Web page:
Spectrum-efficient multi-channel design for coexisting IEEE 802.15.4 networks: A stochastic geometry approach
KAUST DepartmentComputer, Electrical and Mathematical Sciences and Engineering (CEMSE) Division
Electrical Engineering Program
Permanent link to this recordhttp://hdl.handle.net/10754/563617
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AbstractFor networks with random topologies (e.g., wireless ad-hoc and sensor networks) and dynamically varying channel gains, choosing the long term operating parameters that optimize the network performance metrics is very challenging. In this paper, we use stochastic geometry analysis to develop a novel framework to design spectrum-efficient multi-channel random wireless networks based on the IEEE 802.15.4 standard. The proposed framework maximizes both spatial and time domain frequency utilization under channel gain uncertainties to minimize the number of frequency channels required to accommodate a certain population of coexisting IEEE 802.15.4 networks. The performance metrics are the outage probability and the self admission failure probability. We relax the single channel assumption that has been used traditionally in the stochastic geometry analysis. We show that the intensity of the admitted networks does not increase linearly with the number of channels and the rate of increase of the intensity of the admitted networks decreases with the number of channels. By using graph theory, we obtain the minimum required number of channels to accommodate a certain intensity of coexisting networks under a self admission failure probability constraint. To this end, we design a superframe structure for the coexisting IEEE 802.15.4 networks and a method for time-domain interference alignment. © 2002-2012 IEEE.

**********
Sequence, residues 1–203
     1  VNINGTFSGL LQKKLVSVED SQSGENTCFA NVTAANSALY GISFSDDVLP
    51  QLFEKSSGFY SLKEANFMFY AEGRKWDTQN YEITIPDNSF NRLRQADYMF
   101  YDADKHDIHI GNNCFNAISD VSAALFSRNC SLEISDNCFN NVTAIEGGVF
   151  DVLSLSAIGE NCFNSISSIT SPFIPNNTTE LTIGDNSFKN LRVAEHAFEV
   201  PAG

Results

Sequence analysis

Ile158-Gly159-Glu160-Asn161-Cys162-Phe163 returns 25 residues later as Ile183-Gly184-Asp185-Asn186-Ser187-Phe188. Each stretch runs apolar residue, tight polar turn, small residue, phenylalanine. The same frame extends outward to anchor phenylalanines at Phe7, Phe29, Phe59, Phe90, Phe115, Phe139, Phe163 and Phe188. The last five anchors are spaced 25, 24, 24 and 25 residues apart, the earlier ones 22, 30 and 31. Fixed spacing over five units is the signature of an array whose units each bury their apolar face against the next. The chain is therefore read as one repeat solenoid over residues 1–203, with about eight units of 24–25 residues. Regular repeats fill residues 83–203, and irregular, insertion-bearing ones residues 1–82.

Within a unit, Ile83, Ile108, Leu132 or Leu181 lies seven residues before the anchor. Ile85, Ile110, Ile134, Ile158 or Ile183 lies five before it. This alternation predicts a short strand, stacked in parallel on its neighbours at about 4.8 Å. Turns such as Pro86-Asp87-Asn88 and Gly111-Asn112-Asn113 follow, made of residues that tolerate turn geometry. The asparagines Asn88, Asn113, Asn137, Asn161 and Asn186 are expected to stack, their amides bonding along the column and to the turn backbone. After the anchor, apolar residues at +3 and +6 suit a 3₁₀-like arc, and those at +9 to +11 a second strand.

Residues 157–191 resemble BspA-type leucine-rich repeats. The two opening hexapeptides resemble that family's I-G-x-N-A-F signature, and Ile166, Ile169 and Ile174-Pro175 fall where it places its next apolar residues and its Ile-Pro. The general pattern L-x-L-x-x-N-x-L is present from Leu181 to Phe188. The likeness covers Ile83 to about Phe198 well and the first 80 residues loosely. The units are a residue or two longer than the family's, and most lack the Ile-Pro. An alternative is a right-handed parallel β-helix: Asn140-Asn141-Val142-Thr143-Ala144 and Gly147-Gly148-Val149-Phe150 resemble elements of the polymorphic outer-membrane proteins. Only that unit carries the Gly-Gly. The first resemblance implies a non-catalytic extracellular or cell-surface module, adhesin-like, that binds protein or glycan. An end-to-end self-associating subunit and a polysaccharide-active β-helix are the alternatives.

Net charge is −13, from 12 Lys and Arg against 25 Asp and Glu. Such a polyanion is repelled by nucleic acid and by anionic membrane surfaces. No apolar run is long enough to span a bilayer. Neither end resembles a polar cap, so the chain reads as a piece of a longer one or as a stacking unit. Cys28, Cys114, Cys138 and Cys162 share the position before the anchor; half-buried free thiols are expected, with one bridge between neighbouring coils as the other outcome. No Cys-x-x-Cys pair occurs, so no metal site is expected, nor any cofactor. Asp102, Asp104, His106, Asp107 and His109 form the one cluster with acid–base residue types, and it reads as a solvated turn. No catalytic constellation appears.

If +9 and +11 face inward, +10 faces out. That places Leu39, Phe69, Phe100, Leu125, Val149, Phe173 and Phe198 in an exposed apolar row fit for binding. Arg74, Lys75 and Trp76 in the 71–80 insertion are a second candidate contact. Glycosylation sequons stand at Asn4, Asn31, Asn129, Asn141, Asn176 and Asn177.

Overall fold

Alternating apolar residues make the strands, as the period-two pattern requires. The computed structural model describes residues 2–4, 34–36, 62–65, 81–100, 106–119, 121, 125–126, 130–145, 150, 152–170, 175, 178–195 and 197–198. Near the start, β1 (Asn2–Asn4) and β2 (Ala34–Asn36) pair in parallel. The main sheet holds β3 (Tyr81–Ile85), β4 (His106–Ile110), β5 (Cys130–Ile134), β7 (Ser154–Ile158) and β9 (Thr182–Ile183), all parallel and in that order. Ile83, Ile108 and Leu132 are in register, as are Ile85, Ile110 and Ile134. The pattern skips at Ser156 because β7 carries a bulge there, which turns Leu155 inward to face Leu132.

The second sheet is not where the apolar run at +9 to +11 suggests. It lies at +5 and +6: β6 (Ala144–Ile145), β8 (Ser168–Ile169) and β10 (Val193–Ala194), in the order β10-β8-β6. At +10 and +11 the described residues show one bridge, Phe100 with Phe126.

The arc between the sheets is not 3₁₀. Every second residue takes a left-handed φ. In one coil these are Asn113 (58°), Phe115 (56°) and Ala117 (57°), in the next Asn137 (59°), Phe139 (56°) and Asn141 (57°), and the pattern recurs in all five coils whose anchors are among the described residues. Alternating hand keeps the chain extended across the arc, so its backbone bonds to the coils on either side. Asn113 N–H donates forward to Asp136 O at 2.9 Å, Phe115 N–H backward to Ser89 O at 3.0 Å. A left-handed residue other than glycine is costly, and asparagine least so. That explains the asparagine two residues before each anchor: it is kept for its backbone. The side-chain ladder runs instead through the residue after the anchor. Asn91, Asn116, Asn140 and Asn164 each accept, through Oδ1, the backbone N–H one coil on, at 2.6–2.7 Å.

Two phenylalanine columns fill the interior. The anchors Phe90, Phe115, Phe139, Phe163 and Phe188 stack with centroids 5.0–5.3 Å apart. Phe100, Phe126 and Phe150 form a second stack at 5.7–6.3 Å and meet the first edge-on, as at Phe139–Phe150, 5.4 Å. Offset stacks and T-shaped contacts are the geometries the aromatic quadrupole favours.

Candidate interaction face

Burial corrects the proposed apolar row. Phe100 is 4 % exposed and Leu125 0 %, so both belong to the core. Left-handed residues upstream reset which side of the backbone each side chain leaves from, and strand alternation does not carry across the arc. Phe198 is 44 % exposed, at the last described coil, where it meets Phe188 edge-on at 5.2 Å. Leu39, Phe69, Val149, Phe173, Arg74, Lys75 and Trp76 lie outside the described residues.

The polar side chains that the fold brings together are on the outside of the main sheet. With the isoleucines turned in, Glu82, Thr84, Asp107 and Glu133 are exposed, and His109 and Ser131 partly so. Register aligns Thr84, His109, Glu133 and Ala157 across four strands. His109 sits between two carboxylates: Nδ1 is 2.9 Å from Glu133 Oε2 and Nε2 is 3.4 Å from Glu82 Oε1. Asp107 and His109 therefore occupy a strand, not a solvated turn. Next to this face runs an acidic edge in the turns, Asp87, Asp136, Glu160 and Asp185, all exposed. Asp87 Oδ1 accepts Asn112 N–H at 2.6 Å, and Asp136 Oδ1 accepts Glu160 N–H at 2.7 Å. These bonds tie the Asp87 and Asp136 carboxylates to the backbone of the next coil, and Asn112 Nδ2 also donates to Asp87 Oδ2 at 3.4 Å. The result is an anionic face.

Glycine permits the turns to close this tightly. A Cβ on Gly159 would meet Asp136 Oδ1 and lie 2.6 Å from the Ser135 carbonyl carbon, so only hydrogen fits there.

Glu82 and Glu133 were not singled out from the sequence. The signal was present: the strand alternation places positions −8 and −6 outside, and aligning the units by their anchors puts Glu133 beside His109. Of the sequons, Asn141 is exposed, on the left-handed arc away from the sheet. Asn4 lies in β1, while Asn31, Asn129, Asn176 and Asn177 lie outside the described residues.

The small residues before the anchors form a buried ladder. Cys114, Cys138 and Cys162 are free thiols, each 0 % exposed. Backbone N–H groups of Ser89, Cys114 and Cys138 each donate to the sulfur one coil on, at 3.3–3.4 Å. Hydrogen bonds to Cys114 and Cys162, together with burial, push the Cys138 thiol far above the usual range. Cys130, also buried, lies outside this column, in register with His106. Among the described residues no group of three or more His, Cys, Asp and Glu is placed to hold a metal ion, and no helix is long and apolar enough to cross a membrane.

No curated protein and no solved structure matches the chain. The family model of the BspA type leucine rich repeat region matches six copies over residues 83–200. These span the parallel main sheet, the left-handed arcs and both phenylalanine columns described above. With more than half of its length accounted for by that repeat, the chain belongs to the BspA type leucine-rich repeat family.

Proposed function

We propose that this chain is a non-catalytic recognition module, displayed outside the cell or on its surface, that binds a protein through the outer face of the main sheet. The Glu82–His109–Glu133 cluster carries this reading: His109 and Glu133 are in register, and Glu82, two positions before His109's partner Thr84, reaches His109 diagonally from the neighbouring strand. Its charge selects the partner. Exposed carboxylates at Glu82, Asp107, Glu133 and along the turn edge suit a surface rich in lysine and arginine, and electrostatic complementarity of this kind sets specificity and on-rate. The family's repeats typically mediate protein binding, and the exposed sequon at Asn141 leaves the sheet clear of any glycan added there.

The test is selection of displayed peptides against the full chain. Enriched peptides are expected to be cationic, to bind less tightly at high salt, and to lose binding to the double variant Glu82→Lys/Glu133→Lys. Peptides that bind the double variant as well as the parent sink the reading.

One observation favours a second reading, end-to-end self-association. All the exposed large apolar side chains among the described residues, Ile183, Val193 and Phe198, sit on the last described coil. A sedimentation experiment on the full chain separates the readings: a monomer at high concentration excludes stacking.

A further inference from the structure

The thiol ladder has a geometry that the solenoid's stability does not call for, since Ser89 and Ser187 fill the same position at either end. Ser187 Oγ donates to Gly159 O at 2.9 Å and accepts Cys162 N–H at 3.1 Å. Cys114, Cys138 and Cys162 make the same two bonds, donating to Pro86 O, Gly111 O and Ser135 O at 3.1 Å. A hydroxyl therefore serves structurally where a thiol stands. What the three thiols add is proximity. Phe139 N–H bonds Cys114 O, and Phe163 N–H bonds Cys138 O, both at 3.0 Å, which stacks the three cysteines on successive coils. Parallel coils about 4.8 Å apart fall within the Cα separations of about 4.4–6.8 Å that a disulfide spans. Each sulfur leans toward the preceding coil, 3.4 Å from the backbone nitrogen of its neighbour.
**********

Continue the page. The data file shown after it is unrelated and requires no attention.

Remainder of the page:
CitationElSawy, H., Hossain, E., & Camorlinga, S. (2014). Spectrum-Efficient Multi-Channel Design for Coexisting IEEE 802.15.4 Networks: A Stochastic Geometry Approach. IEEE Transactions on Mobile Computing, 13(7), 1611–1624. doi:10.1109/tmc.2013.123
SponsorsThis work was supported in part by the Natural Sciences and Engineering Research Council of Canada (NSERC) through the Industrial Postgraduate Scholarships (IPS) Program and the Discovery Grants (DG) Program, and in part by a scholarship from TRTech, Winnipeg, Manitoba, Canada. The work was done during H. ElSawy's Ph.D. studies at the University of Manitoba, Canada.